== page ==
Race & Homelessness in Santa Clara County

In 2019, we launched a new effort to examine how issues of race and homelessness intersect in our community. National research has shown that people of color are dramatically more likely than their white counterparts to become homeless in America, and that the legacy of historical and contemporary structural racism is at the root of who becomes homeless. 

So, we partnered with SPARC to examine the link between racial inequity and homelessness in Santa Clara County, which culminated in a January 2020 report titled: Race & Homelessness in Santa Clara County. By acknowledging the negative consequences of some of our policies, choices, and attitudes, and by embracing the core values and strategies outlined in this report, we can begin to undo the negative and detrimental impacts of decades of systemic racism for our most vulnerable neighbors.

Download a PDF of the entire report or 2-page summary.

Key Findings from this Report

Theme 1: Disproportionately high rates of homelessness among specific racial/ethnic groups

Overall, Santa Clara County is generally similar to other communities across the U.S., with high rates of homelessness among people of color. These disparities are particularly prevalent among Black / African American, American Indian / Alaska Native, and Hispanic/Latinx populations:

In contrast, non-Hispanic people and those who identify as Asian/Asian American are both significantly underrepresented in the homeless population.

Theme 2: Racial/ethnic variation in experiences of homelessness

Our analysis found racial and ethnic disparities for some (but not all) HMIS data sets related to a person’s homelessness experiences. For example:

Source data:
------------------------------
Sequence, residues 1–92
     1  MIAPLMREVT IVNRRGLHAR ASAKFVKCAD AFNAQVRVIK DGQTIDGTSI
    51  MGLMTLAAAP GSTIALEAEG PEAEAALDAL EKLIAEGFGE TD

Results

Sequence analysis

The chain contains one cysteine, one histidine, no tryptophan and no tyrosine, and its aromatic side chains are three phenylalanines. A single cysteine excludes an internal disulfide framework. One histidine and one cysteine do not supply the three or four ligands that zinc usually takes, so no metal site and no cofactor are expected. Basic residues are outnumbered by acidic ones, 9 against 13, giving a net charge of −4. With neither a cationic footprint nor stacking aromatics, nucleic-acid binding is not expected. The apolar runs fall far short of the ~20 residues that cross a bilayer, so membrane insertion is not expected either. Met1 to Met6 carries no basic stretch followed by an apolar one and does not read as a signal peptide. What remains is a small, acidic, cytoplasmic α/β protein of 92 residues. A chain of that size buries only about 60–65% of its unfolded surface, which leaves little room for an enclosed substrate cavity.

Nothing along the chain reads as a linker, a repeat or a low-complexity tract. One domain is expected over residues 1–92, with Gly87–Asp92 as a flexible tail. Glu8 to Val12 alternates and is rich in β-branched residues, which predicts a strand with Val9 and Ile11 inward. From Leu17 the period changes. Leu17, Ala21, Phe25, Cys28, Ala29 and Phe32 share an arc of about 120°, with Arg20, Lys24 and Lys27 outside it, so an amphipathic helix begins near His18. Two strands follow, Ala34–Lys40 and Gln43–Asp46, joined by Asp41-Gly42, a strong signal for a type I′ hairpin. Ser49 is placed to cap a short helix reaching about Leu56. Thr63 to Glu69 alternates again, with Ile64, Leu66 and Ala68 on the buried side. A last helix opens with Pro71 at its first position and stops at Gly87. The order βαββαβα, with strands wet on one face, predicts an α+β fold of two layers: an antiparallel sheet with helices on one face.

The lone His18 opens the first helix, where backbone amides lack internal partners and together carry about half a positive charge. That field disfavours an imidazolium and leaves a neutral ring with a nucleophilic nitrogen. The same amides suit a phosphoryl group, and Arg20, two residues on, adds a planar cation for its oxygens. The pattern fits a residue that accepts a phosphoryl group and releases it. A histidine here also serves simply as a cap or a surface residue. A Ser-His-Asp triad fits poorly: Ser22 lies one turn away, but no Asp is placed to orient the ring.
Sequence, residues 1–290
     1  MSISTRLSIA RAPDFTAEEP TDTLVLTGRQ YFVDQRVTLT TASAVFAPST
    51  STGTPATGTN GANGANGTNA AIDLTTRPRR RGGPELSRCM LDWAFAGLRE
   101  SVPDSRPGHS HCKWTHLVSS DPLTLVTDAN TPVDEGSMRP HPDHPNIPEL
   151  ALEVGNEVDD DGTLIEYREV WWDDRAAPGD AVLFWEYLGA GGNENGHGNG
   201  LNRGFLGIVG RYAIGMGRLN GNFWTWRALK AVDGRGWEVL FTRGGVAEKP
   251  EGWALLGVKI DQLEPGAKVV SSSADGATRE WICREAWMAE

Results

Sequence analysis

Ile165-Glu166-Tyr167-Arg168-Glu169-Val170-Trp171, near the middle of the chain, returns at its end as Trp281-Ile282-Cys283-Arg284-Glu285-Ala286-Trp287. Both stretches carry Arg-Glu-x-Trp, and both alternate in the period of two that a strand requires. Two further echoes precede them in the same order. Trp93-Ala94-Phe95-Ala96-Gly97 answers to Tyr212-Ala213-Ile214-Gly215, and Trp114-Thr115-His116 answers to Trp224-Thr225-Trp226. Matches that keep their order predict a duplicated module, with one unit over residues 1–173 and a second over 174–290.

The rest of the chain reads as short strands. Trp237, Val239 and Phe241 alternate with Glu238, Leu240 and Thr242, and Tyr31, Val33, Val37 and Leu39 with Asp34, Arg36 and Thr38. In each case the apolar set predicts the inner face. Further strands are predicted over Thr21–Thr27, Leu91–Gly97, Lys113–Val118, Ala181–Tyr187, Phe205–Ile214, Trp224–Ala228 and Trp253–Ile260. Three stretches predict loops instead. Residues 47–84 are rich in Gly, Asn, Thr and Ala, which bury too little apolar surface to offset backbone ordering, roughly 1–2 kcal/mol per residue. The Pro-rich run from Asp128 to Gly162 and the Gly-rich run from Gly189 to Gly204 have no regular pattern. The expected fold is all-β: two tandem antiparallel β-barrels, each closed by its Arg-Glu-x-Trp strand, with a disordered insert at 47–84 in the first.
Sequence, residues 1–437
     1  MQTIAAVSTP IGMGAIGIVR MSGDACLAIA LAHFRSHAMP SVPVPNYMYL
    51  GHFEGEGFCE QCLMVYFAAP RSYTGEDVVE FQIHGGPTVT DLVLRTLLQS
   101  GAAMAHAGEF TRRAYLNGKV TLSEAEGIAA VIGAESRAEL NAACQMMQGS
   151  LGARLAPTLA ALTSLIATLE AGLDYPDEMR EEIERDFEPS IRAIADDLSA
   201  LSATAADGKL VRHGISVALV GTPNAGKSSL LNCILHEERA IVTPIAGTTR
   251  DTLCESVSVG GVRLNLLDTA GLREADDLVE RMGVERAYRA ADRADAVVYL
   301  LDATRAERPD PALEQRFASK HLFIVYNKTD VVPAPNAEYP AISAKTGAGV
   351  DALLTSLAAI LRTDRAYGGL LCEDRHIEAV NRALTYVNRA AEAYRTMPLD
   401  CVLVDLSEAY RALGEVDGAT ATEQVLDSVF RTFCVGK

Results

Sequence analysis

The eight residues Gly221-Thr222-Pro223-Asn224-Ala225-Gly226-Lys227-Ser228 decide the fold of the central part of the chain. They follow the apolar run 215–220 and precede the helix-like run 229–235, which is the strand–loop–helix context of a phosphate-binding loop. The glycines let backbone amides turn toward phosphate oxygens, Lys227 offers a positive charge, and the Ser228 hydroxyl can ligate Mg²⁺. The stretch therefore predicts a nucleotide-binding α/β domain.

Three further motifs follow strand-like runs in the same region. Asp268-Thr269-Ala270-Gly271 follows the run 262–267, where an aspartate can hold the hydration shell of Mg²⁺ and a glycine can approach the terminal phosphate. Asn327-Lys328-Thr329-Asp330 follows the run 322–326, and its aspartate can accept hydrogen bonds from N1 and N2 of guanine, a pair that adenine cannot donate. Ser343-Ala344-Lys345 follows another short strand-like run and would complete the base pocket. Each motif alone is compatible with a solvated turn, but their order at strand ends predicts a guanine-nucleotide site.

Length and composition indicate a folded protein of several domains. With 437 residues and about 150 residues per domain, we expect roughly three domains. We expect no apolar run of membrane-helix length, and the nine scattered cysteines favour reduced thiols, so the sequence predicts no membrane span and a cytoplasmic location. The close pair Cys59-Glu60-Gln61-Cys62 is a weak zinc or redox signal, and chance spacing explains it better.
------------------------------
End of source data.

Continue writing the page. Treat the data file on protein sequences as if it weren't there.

Theme 3: Structural barriers, including lack of affordable housing and economic opportunity

Stakeholders across the community cited systemic and structural inequities as a significant driver of housing insecurity and poverty in people of color.


Based on this initial assessment, the report also made a number of recommendations for how Destination: Home and the broader Supportive Housing System can begin to address racial disparities related to homelessness:

Strategies to Address Racial Equity

  • Center and raise the voice of people of color who have experienced homelessness in the policy and program decisions of the supportive housing system.
  • Partner with the safety net system to better understand and address the systemic causes of poverty and inequity.
  • Adopt new housing and land use policies that help reverse longstanding housing disparities that have negatively impacted people of color.

Values to Guide our Work

  • Integrate people of color with lived experience of homelessness in all program, policy, and funding decisions.
  • Align racial equity work in the homelessness sector with other racial equity initiatives in Santa Clara County.
  • Use a racial equity lens and data-driven decision making in the homelessness system and across other systems.


This report was authored by the SPARC Team: Jeff Olivet, Regina Cannon, Caty Wilkey, and Nastacia’ Moore and made possible through the financial support and thought leadership of Cisco, as part of its larger efforts to address homelessness in Santa Clara County.

We’d also like to extend our deepest thanks to our local Racial Equity Advisor Board who wisely guided this process on our community’s behalf:

  • Pastor Paul Bains, Project WeHOPE / Dignity on Wheels
  • Poncho Guevara, Sacred Heart Community Services
  • Consuelo Hernandez, County of Santa Clara, Office of Supportive Housing
  • Jennifer Kelleher, Law Foundation of Silicon Valley
  • Anthony King, Lived Experience Advisory Board
  • Dontae Lartigue, Lived Experience Advisory Board
  • Camille Llanes-Fontanilla, SOMOS Mayfair
  • Jennifer Loving, Destination: Home
  • Miguel Márquez, County of Santa Clara, Office of the County Executive
  • Jacky Morales-Ferrand, City of San Jose, Department of Housing
  • Kelly Petrich, Cisco
  • Nicole Taylor, Silicon Valley Community Foundation

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